Blog

Spring Shots

     The spring warbler push has seemingly come to a close, but not before some decent birds passed through.  If I were home a week earlier, my luck would’ve been a bit better as far as migrant warblers go, but sometimes we can’t always have as we wish.  Either way, I knocked a number of life species off of my list in the past week, and I have definitely run into a fair amount of photo opportunities.   

A male American redstart at Sterling Forest State Park 5/20/16.

A male American redstart at Sterling Forest State Park 5/20/16.

    Early last week, the morning after coming home, Linda and I headed to Pochuck Mountain State Forest for warblers.  The light was terrible as far as photographs go, but there were more than enough birds to keep us happy.  Notables included magnolia warblers, chestnut-sided warblers, worm-eating warblers and blue-winged warblers.  It seemed that from then on out, migration was slow all across the board.  I was a bit disappointed, as I looked forward to this part of the year.  Good news is, there are plenty of breeding birds around and still many more summer species on the way. 

    Later in the week I made my first spring trip (of many) to the Palisades Cliffs in New Jersey to photograph peregrine falcons.  It was an afternoon packed full of amazing birds and countless photo opportunities.  This particular site has been a long established territory for a pair of adult peregrines.  Just recently, the resident female went missing.  Many believed that she was incubating eggs, as the pair had been seen courting many times in weeks prior.  Soon folks began to realize that the male was no longer bringing food to the nest, nor sharing his portions.  By this time a young female peregrine had stepped in and has since been glued to his side.  She is a very large, strong and just awesome bird that the male just can’t seem to get rid of.  Hopefully she sticks around for the long haul and can mate with him next spring.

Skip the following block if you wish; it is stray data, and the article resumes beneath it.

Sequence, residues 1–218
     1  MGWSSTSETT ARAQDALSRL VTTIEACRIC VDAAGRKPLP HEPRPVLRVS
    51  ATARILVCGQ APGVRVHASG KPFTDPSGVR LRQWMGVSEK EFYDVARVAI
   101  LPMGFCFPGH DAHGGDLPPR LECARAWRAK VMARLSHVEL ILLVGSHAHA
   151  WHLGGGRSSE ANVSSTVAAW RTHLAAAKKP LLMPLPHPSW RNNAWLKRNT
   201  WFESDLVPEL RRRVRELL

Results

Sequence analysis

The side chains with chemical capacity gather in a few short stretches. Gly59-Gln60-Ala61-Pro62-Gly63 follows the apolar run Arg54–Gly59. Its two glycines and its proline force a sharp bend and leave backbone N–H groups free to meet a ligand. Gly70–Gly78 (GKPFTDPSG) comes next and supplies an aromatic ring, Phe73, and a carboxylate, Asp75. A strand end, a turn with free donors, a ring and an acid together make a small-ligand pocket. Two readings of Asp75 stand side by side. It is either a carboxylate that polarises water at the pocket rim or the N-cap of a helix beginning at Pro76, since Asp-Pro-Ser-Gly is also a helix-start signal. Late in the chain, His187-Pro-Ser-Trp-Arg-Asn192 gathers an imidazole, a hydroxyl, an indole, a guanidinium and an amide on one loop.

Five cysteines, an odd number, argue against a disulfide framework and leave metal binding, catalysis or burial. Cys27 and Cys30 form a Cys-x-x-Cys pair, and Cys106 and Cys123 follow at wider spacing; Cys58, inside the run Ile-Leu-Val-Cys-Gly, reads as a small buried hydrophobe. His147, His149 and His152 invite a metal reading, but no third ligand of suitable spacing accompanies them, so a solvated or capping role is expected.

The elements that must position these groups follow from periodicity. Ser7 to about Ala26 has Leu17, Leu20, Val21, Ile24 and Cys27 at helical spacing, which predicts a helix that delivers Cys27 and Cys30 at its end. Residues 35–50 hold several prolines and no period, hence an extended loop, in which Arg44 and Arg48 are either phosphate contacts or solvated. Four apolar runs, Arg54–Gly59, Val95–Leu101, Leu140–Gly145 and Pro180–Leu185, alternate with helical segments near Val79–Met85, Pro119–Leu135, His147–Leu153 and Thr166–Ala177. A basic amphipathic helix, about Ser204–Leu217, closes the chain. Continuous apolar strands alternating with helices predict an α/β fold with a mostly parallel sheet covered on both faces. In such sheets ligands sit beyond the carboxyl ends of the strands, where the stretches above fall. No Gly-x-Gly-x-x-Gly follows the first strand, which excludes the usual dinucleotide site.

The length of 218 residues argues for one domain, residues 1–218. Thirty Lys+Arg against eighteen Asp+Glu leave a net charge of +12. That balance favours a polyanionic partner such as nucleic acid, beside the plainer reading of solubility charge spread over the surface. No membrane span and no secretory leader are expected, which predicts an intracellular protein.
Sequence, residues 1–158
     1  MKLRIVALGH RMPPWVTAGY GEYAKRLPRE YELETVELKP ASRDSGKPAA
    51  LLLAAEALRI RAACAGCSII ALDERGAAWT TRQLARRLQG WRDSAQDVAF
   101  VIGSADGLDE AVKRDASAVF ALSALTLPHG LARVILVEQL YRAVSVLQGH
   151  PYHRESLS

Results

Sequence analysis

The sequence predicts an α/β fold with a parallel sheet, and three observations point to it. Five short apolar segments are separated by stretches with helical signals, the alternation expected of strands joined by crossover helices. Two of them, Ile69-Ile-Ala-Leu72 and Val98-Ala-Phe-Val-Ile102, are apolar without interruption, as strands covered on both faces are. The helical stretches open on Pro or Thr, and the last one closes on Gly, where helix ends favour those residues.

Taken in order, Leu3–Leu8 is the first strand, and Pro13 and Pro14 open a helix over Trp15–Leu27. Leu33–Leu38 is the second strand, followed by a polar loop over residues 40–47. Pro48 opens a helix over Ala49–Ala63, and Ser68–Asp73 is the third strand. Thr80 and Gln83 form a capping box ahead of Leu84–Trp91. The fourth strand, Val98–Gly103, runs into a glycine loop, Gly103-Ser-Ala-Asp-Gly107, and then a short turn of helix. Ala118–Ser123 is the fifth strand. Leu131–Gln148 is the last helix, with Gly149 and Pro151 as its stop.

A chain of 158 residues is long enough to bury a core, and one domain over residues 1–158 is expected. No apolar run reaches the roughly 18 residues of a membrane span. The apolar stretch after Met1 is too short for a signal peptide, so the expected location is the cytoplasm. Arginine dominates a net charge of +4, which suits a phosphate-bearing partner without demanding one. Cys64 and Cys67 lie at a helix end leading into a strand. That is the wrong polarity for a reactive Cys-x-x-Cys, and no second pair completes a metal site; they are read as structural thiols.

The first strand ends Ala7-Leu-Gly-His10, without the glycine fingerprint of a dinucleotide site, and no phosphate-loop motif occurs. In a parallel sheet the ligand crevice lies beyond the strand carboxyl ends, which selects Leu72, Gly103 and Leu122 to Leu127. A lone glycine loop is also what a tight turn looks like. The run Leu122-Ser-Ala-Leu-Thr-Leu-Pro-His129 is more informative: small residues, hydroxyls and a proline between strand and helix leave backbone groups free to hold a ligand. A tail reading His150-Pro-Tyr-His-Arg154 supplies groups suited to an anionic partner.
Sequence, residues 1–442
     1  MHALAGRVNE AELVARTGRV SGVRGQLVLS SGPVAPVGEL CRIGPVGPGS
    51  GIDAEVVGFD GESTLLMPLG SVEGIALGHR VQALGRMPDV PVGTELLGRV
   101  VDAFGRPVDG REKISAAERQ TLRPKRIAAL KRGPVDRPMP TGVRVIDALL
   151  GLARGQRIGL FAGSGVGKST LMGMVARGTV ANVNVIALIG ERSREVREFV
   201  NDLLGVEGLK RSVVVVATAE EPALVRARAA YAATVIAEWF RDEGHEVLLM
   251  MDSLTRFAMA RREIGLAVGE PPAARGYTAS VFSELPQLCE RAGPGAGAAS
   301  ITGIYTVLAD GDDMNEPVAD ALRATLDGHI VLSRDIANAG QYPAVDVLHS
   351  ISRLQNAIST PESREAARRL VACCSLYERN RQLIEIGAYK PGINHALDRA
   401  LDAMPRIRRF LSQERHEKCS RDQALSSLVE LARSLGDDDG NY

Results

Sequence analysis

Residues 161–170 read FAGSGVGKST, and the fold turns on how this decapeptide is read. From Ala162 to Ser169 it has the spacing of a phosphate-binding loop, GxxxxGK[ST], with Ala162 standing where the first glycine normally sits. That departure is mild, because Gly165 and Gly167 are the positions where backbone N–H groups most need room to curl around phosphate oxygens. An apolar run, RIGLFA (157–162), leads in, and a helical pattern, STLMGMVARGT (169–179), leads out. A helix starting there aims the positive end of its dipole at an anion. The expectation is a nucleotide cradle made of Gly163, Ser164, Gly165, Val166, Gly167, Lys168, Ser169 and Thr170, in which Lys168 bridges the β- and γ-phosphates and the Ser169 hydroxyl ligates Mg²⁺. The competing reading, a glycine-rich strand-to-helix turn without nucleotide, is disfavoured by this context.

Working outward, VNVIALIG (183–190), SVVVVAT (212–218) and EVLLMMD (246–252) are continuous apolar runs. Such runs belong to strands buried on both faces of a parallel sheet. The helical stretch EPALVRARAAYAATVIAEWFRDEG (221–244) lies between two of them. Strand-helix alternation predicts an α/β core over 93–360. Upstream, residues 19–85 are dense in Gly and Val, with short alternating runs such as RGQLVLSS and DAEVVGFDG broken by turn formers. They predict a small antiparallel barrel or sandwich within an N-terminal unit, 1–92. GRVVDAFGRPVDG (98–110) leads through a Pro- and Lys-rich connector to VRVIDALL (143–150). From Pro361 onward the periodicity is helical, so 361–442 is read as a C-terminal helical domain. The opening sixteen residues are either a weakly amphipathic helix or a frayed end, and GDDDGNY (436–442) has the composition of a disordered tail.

After about an hour or two of both birds disappearing, a fellow photographer and I watched the male return with a blue jay.  I was able to snap this shot as he cruised by:

The male peregrine falcon with a blue jay 5/19/16. 

The male peregrine falcon with a blue jay 5/19/16. 

    Rather than sharing the second half of the bird with the new female, he ate the entire thing, ignoring her repeated calling from the branch directly above him.  It was a rather exciting display of events, and luckily it all happened so close.  Only a few minutes later, the male finished his blue jay and took off, while the female decided to fly up the cliff a little ways.  She perched directly eye level with us, no more than thirty feet away.  We snapped away as she went about her business, checking us out occasionally.  It was definitely one of the best experiences I’ve had to date, and something I really have been trying to capture for a while now.  The majority of the time I shoot falcons in flight, so it was awesome to finally get some decent portrait shots.  I’m sure these won’t be the last.

Juvenile female peregrine falcon 5/19/16.

Juvenile female peregrine falcon 5/19/16.

Juvenile peregrine falcon in flight 5/19/16.

Juvenile peregrine falcon in flight 5/19/16.

    That just about wraps up week one.  Next week I will be heading down to the shore to begin my part in piping plover research.  I’ll be sure to write about progress each week, as well as post photos along the way.  I cannot wait to get going!

Have a nice week everyone!

Kyle